Second, we have no reason to believe that you won’t hark back to Lenin’s glorious experiment in slaughtering and enslaving the very people he claimed to be the liberator of, joined by his co-psychopath, Trotsky, and followed by his worthy successors, Stalin and Mao.

    You and Dr_Tad have offered no better model.

  153. Dr_Tad

    Katz @158: No, I don’t think the EMU planners wanted this to happen, but the nature of the EMU structures creates this kind of debt imbalance in the circumstances that obtain in the post-GFC world. The other key thing that has occurred is Germany’s great success in driving down its workers’ wages since 2000, thus further tilting the core-periphery economic balance.

    However, it’s worth noting that the core economies already used the PIIGS as markets and debtors before this crisis broke, and therefore it is not fanciful to believe that German bankers wanted to maximise interest from the Greek state. That’s what bankers do, and sometimes they drive their customers to the wall. Especially if they have implicit state guarantees of their own to fall back on, as you rightly say. Or a belief that eventually they will screw adequate austerity out of the Greeks to have an eternal line of repayments guaranteed.

    None of which is to say that debtor-led default is a panacea, but it does create a better (national) terrain for the Left and the workers’ movement to fight on, especially as the national government will no longer be able to fall back on the limits set by EMU structures as an excuse for attacking its people.

  154. Katz

    Dr Tad

    However, it’s worth noting that the core economies already used the PIIGS as markets and debtors before this crisis broke, and therefore it is not fanciful to believe that German bankers wanted to maximise interest from the Greek state. That’s what bankers do, and sometimes they drive their customers to the wall. Especially if they have implicit state guarantees of their own to fall back on, as you rightly say. Or a belief that eventually they will screw adequate austerity out of the Greeks to have an eternal line of repayments guaranteed.

    I think this is a sound statement of the case. German banks win either way.

    As to the question of Greek default, certainly the politics of compromise and consent in Greece are placed under severe strain by creditors’ demands.

    I believe that it is more likely that Greece will endure a fascist liquidation of constitutionalism than a successful left-wing uprising. Indeed, an abortive left-wing uprising is likely to precipitate a fascist counter-coup.

  155. Paul

    Dr Tad must be enjoying life in 1973 where socialism and communism are not discredited like they are in 2011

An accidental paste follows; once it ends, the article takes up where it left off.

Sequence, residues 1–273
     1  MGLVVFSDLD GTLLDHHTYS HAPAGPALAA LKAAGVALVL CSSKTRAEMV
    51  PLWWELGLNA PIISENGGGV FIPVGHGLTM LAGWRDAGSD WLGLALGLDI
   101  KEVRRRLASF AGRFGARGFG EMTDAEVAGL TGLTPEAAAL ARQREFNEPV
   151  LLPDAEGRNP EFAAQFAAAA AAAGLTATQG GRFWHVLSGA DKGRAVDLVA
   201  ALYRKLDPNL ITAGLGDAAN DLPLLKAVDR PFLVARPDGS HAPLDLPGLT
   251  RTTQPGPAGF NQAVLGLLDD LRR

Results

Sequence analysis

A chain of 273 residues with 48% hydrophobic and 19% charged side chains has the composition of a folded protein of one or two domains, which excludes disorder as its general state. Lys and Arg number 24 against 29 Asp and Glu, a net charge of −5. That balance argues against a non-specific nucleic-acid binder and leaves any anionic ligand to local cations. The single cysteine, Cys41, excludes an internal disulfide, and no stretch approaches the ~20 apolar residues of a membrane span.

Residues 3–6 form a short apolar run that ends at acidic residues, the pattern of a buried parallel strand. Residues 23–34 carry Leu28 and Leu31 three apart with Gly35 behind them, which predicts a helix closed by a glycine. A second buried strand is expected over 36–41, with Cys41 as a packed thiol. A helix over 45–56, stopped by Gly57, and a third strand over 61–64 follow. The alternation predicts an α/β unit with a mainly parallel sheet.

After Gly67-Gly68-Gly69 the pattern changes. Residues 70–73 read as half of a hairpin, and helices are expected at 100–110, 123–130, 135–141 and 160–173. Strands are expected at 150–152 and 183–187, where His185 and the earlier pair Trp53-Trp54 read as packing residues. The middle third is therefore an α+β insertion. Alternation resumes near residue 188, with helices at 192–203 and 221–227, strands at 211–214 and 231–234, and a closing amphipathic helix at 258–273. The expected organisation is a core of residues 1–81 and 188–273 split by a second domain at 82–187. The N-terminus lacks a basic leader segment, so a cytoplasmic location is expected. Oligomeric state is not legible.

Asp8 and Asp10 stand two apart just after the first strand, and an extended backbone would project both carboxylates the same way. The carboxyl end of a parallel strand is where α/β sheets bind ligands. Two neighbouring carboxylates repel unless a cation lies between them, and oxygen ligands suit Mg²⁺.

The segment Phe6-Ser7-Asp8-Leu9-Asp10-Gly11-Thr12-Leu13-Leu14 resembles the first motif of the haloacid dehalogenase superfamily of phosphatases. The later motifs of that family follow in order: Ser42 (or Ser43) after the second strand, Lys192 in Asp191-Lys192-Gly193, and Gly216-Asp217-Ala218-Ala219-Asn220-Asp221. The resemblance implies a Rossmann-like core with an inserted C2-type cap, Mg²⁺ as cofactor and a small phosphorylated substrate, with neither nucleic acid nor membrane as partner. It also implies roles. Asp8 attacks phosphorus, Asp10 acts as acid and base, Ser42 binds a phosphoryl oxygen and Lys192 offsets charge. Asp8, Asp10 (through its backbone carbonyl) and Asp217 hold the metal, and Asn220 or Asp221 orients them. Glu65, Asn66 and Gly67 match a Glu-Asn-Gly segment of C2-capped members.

156. akn

    Oh dear oh dear GregM, that’s exactly what I meant by the failure of reactionaries to reconsider their position. You are still fighting the cold war which is so far over that it is ashes; you are stamping around in those ashes and the resultant dust cloud of obsurantist objections to history is coating only you with dust and only occluding your vision but no-one else’s. Frantic to establish the legitimacy of your deluded triumphalism you quickly resort to insult and lodge hysterical accusations of Maoism, Leninism, Trotsyism against anyone who even considers alternatives to the trajectory of current world history. Pathetic.

  157. Russell

    “joined by his co-psychopath, Trotsky”

    GregM: can I recommend that you read Barbara Kingsolver’s latest novel, The Lacuna? Trotsky is in it, and he seems very nice. I always think, if you can’t believe a novelist, who can you believe?

  158. akn

    In fact, GregM, so rankled am I by your accusations that I’m prepared to offer you the opportunity to plunge into the darkest recesses of Marxist arcana. I was never a Pabloite (bet you never heard of that one) but here is an opportunity to completely lose touch with reality by absorbing the ideological positions around Trotsky and Pablo and then attempting to tar me with … something … http://www.marxists.org/history/etol/newspape/socialistvoice/Trotsky.html … and BTW, I always thought that Maoism was a problem in Oz because of the absence of peasants but don’t let that stop you from the sort of accusations that used to see people executed in China during the ‘Cultural Revolution’.

    Short: you have the heart of a Stalinist. Eff you mate.

  159. GregM

    I was never a Pabloite (bet you never heard of that one) but here is an opportunity to completely lose touch with reality…

    Thank you Anthony.

    Your post is so silly that I can’t believe that you are what you represent yourself to be.

  160. akn

    I can see why you thank me; it is too obvious. You get some very small gratification in your sad and empty life from the little attention you receive by being a troll on blogs like this. I regret giving you that minute pleasure but and it won’t happen again.

  161. Paul

    It strikes me that the exchange above has the same spelling, grammar and tone as those notes Jack the Ripper left.

    So that’s another mystery solved.

  162. akn

    Now really Paul. I’m up at this hour of the day because I’m on my way to work. From your misreading of the posts my guess is that you’ve just come home from a night on the piss.

  163. tigtog

    ^moderator hat^

    A bit less slinging of personal remarks all round, please.

  164. Paul Norton

    Back on topic, here’s Simon Jenkins in today’s Age.

  165. Savvas Tzionis

    #171…. I have been reading the umpteen articles on Greece and the trend appears to be heading towards bailing out Greece. Some opinions are even throwing the blame back at other’s!

    Go to http://www.athensnews.gr/ and scroll down to Greece on Media section for a great rollcall of Greece related articles from aroudn the world. Obviously the current crisis is front and centre.